Tuesday, December 3, 2013

Philomena and The Book of Mormon




Dame Judi Dench is an actress of fascinating ability.  She can play everything from the head of a spy agency to a little old lady.  Her latest movie “Philomena” has her playing the latter role with great sensitivity, depth and flair, and she does it while suffering from the real-life disability of age-related macular degeneration.

The Book of Mormon” (now on national tour) came to Denver this past month.  It is a send-up of the Church of Jesus Christ of Latter-day Saints and has received numerous honors.  When it opened on Broadway in 2011, it was awarded the Tony for Best Musical.

Both of these shows deserve acclaim for their creativity and entertainment value, but they also should receive notice for their political posturing.  “The Book of Mormon” leaves you with the notion that followers of the LDS faith are sexually na├»ve and cloistered in their understanding of national and international events.

That perspective created a powerful political theme leading up to the 2012 Presidential election.  Even now, one leaves the theater thinking, “Thank God one of those people didn’t become President of the United States!”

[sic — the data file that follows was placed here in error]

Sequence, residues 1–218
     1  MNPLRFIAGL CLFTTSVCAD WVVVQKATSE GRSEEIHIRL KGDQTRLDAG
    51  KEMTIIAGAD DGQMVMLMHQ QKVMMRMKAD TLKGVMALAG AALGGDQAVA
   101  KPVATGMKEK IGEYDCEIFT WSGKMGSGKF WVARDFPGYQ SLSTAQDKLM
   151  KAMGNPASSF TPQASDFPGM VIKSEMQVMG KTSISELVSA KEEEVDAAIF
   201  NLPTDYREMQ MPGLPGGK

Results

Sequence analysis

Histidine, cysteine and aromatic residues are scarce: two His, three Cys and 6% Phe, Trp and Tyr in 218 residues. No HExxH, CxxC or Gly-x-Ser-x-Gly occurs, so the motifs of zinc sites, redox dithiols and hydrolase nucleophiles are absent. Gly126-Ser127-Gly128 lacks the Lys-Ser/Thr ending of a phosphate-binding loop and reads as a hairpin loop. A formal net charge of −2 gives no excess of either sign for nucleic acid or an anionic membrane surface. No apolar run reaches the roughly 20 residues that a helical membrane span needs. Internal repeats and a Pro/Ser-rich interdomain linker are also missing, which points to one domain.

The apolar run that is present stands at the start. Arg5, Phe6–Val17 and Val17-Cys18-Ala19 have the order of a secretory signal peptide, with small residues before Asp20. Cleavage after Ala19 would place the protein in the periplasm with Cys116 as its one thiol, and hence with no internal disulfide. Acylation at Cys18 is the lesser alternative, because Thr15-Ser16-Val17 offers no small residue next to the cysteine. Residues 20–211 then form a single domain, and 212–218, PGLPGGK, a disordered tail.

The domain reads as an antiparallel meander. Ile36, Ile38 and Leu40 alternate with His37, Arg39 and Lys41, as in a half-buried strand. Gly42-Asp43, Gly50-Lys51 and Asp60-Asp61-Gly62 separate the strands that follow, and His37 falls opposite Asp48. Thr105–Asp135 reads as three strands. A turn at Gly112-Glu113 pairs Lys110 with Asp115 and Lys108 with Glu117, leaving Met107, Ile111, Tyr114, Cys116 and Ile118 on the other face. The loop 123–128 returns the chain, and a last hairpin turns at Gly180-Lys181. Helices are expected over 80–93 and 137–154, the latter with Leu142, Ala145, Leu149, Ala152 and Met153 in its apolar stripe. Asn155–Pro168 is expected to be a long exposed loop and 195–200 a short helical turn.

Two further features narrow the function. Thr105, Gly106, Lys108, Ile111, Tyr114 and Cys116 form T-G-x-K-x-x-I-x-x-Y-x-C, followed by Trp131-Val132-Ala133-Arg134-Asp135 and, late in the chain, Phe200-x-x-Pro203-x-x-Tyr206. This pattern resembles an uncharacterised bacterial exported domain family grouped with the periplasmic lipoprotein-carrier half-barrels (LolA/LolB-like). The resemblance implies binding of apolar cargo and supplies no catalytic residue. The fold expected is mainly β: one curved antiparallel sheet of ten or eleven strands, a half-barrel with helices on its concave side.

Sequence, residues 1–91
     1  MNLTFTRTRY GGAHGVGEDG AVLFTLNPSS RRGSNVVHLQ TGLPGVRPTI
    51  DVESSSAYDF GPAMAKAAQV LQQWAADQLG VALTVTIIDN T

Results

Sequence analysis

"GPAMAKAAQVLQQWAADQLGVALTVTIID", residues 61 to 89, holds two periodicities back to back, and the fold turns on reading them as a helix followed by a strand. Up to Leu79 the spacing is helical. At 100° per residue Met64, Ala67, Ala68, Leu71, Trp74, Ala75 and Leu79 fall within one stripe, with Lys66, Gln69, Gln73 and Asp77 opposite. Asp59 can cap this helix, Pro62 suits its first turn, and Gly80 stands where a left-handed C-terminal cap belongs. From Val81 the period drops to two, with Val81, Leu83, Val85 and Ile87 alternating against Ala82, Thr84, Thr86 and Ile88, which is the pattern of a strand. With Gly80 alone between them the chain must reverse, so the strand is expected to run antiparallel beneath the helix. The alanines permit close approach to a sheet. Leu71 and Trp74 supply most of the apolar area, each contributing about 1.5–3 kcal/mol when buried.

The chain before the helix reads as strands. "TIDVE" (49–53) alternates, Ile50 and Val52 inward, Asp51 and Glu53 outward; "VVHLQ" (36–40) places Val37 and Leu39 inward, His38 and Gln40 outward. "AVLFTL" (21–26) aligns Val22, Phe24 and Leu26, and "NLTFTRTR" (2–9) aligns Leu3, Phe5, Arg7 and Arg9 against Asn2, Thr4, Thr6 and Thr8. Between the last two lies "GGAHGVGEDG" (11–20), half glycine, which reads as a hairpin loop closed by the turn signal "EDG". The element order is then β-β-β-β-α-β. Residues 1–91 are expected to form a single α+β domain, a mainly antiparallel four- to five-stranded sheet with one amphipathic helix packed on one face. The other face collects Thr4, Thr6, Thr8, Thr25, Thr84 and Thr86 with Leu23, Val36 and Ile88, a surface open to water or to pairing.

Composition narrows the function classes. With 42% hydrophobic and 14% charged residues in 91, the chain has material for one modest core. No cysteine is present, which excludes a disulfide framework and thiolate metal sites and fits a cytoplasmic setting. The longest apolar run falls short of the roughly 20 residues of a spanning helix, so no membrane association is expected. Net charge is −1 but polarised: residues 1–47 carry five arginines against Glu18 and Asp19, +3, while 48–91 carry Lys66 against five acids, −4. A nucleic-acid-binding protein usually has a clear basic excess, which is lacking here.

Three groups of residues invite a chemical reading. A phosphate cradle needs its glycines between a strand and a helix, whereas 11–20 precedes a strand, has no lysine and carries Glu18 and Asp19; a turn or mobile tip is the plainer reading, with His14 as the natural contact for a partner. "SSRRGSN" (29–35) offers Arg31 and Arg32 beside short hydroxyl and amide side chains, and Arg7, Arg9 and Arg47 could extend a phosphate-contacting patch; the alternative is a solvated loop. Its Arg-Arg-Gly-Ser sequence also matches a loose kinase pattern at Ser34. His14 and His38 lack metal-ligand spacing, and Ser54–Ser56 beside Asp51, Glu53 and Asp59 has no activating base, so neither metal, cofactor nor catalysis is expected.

“Philomena” is a story about a personal search for reconciliation.  It deserves critical acclaim, but like “Julie and Julia” it takes a perfunctory swipe at Republicans, characterizing supporters of the Reagan presidency as homophobic.

Americans take these theatrical conventions in stride and without comment.

It’s just those with a more humanist view who are left wondering, “Why must these anti-Republican sentiments be so prevalent in American entertainment?”



2 comments:

  1. Philomena is an Irish account about the evil committed by the Catholic theocracy in Southern Ireland as it affected one family. It takes an awful amount of self-obsession to make this film about American tribal politics.

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  2. Mr. Lambshead:

    I agree the theme of the movie is powerful, but why do you think the creative decision was made to take a swipe at members of an American political party? Was it central to the plot?

    This cinematic license is taken for granted in our culture and anyone who takes exception to it risks being characterized as having "an awful amount of self-obsession" (or worse).

    Thanks for your comment.

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